Home Nepal stock As festivals build crowds, experts warn appeasement could lead to increased cases

As festivals build crowds, experts warn appeasement could lead to increased cases

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As the holiday season quickly approaches, with Ghatasthapana, the first day of Dashain, five days away, Kathmandu and other cities are seeing increased mobility of people. Almost everything has reopened since September 1 and people are in a festive mood. With a steady decline in Covid-19 cases lately, complacency seems to have set in. Authorities have warned people to strictly follow health protocols, but there is a lack of implementation. Public health experts say increased mobility and festive gatherings could lead to a sudden increase in coronavirus cases. And the main culprit may be the Delta variant.

The Department of Health has already warned people of the presence of the Delta variant circulating in society. Although there has been no genome sequencing on new samples lately, of the 42 swab samples from infected people, collected between mid-August and September, the Delta variant was detected in 41.

Reuters reported on Friday that unvaccinated people were particularly at risk for the Delta variant. Deaths worldwide linked to Covid-19 have exceeded 5 million, according to Reuters. “More than half of all deaths worldwide reported over an average of seven days have been in the United States, Russia, Brazil, Mexico and India,” he said.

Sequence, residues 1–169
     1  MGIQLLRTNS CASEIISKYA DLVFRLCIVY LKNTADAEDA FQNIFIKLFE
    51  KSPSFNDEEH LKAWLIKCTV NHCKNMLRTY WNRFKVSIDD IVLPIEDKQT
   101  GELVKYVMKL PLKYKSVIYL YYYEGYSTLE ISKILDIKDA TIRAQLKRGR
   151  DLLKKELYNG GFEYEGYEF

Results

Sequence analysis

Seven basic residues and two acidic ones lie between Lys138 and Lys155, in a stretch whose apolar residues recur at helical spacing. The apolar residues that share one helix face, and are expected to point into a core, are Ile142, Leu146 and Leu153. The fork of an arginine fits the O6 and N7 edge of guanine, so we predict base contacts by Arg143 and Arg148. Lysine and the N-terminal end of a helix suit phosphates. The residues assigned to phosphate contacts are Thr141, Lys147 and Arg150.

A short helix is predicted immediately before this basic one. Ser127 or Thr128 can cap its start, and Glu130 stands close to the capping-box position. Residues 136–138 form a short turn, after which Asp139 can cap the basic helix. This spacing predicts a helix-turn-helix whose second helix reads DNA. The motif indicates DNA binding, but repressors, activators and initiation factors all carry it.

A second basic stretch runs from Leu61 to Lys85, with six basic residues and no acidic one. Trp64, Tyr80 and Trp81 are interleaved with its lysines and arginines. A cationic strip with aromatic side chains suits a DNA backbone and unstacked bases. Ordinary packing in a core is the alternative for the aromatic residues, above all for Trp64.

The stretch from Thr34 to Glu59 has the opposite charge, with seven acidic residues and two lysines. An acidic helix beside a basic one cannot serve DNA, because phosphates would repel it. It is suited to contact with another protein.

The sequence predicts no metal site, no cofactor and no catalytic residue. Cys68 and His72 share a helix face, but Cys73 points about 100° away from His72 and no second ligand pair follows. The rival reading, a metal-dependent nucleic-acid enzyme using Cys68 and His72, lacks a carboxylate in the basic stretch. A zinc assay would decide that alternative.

The fact that India is still reporting a high number of cases and that the Delta variant continues to sweep the world should be of major concern in Nepal, experts say. Nepal shares a long porous border with India and thousands of people pass each other every day in their territories. About 100,000 people are estimated to enter the country during Dashain from India through various border points and officials say it is impossible to keep records of those entering through hundreds of illegal land crossings. The influx of people into the country during the festival means an increased risk of outbreaks of various diseases, not just Covid-19. In the past, outbreaks of diseases such as malaria, kala azar and dengue have been reported immediately after Dashain in many districts.